As the trees close ranks and colours all merge into one colour, the Things start to stir - to dislocate their joints and stretch their limbs; rearranging themselves into new images for the twilight, they taste the air with prehensile tongues. That's what Manda's father used to
tell her. He knew how little Manda loved to hear of the paranaturals. She got that fascination from her mother, he'd say back then. After, he'd say she got that fascination from her mother, but he'd say it differently…

When Manda’s lab partner Daniel Forbes goes missing presumed dead it’s just another normal day at University Hospital. But the circumstances of his disappearance aren’t quite as straightforward as they seem and take Manda and her colleagues at the Department of Paranatural Medicine on a journey across planes and to the fringes of death to find the truth.

Die's Post

My novel Spirit Houses is quite an old-fashioned tale. I intended right from the start that it should be, and I don’t just mean the fact that it’s set in a sort of alternate-universe 1920s England. I wanted the whole thing to have an authentic, vintage flavour, so I tried to steep the entire project in that atmosphere. The chapter header illustrations were done in a line-art style from around that period. The cover, although a bit more contemporary, was designed from old medical textbook illustrations, to look like engraving. I tried to give the book trailers a vintage feel, and all the advertising too. But the main thing I made sure I did was to use as much primary source material for research as possible.

It’s easier than ever these days for a writer to access primary source material - by which I mean, information about a period actually written in that period. What once might have involved visits to libraries or archives to view texts or artefacts that are usually locked away, now often only requires a search around the internet to view photographs and scans, or transcriptions of contemporary accounts.
Sometimes really good research material isn’t difficult to find at all. I managed to pick up a two volume set of a 1904 Hazlitt’s ‘The Dictionary of Myths and Folklore’ in a charity shop for a few pounds and it’s been a wonderful research tool for helping to write Spirit Houses - rather than relying on a modern re-telling of the myths and legends I was writing about, I could go straight to the turn-of-the-century version.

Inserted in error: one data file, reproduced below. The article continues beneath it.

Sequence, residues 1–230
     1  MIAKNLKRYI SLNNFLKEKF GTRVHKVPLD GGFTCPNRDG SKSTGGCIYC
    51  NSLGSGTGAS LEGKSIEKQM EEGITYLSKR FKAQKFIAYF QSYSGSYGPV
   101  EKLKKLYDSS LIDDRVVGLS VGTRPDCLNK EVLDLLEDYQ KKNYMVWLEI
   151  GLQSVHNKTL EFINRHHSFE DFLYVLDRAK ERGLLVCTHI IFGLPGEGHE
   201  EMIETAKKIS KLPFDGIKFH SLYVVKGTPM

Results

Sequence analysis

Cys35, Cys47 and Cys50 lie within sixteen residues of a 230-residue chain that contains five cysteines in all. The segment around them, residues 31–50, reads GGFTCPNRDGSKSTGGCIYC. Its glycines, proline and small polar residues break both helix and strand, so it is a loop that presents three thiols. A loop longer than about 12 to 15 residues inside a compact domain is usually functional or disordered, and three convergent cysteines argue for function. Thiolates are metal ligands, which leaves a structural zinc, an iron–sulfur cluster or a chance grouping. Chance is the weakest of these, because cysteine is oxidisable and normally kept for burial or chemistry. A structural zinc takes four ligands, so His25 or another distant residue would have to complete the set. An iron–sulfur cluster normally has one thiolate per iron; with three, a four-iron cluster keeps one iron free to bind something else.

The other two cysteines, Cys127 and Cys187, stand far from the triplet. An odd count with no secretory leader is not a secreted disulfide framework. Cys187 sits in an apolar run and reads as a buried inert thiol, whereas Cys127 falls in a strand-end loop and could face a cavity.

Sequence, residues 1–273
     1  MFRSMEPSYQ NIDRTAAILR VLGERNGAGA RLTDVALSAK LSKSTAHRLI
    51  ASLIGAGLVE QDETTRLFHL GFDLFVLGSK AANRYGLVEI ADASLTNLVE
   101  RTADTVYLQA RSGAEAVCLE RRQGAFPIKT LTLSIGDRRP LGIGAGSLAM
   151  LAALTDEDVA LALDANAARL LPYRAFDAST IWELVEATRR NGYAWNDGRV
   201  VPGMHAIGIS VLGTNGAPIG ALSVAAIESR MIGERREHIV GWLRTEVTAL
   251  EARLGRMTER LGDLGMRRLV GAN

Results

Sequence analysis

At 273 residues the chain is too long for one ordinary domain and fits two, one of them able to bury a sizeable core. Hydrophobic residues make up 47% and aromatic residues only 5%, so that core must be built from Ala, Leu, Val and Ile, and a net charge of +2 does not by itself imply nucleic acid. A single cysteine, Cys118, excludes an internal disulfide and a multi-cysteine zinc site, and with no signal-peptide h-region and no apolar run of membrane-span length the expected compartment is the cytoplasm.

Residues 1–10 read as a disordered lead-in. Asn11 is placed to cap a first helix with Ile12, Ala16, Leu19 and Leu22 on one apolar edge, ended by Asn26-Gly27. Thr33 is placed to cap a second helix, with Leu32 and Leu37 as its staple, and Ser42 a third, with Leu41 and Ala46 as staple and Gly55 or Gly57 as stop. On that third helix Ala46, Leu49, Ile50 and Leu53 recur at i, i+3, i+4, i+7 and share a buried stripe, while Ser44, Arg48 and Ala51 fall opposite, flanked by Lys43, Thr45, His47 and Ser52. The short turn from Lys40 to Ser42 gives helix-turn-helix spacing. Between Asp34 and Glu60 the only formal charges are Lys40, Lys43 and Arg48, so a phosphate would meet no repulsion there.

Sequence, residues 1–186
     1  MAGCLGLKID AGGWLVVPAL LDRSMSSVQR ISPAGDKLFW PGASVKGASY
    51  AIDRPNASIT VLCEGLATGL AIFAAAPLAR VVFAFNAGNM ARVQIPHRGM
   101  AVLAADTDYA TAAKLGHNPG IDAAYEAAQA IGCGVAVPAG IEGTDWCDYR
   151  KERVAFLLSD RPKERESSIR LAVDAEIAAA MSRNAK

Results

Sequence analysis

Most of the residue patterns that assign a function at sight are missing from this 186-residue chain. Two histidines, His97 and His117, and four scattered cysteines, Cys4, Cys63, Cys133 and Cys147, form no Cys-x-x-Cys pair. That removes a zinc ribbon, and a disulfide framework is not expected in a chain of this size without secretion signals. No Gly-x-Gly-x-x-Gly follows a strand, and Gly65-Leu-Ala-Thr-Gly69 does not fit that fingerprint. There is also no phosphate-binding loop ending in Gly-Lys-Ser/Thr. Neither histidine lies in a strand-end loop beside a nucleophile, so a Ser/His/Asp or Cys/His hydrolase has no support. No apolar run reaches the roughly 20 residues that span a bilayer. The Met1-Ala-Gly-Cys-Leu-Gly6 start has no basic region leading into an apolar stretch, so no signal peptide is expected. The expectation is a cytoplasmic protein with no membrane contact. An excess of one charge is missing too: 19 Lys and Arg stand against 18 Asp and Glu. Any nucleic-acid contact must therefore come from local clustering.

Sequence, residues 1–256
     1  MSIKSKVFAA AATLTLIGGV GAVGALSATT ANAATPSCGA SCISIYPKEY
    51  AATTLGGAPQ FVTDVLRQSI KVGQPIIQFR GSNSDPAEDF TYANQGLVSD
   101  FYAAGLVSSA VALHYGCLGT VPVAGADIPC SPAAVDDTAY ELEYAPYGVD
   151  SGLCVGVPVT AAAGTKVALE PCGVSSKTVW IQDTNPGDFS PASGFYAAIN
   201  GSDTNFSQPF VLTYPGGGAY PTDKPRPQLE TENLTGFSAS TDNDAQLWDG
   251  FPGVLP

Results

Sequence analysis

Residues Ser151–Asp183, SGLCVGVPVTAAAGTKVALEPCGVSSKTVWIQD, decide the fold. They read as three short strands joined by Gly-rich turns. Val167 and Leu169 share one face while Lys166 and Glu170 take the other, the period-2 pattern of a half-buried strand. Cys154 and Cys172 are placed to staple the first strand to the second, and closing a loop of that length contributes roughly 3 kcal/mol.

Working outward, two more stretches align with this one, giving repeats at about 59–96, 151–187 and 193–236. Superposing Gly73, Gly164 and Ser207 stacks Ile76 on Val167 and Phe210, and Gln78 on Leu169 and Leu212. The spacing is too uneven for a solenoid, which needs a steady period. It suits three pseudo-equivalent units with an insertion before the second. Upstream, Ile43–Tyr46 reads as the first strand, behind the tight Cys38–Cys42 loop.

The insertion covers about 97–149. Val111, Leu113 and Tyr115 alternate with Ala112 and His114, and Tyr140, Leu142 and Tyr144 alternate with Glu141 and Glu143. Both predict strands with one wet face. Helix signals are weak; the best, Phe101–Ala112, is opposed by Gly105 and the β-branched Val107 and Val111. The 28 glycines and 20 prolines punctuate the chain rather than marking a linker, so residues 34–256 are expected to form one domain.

I also visited as many inspiring places as I could. These ranged from the North Wales Hospital in Denbigh (the inspiration for the University Hospital) and Snowshill Manor with its wonderful atmosphere and incredible and beautiful collection. I also frequently visited the Wellcome Collection in London, a museum which houses (amongst other exhibits) a fascinating historical and cultural medicine section which provided me with endless inspiration and some useful facts for my story. The other place that was essential to Spirit Houses was the Museum of Witchcraft in Boscastle, Cornwall. It was there I saw my first spirit house and learnt all about them. Southeast Asian countries also have spirit houses, which, in that culture, are shrines to the protective spirit of a place. The English spirit house however dates back to folklore tradition. If a person suspected their house of being haunted by a bothersome spirit, then they would make a spirit house. These usually took the form of a glass bottle that would be filled with matchsticks, feathers, beads, sand - even hundreds and thousands - sometimes in very intricate formation. When the bottle was filled, the ghost would be invited into it as a substitute home, rather than continuing to reside in the house it had been haunting - the more intricate the contents of the spirit house the better, as it was believed that this would keep the ghost busier! The bottle would then be stoppered, to keep the ghost inside.

You can see examples of English spirit houses on the Museum of Witchcraft’s website, such as this one made from a lacemaker’s globe:

Spirit Houses by Die Booth is available to buy online now at:




Die's Website is here!

Die is appearing on these websites too:

Mon 16th Sept: LC Hu
Tues 17th Sept: Kevin G Bufton
Wed 18th Sept: Keeper Of The Snails
Thurs 19th Sept: J.T.Wilson
Fri     20th Sept: The Horror Tree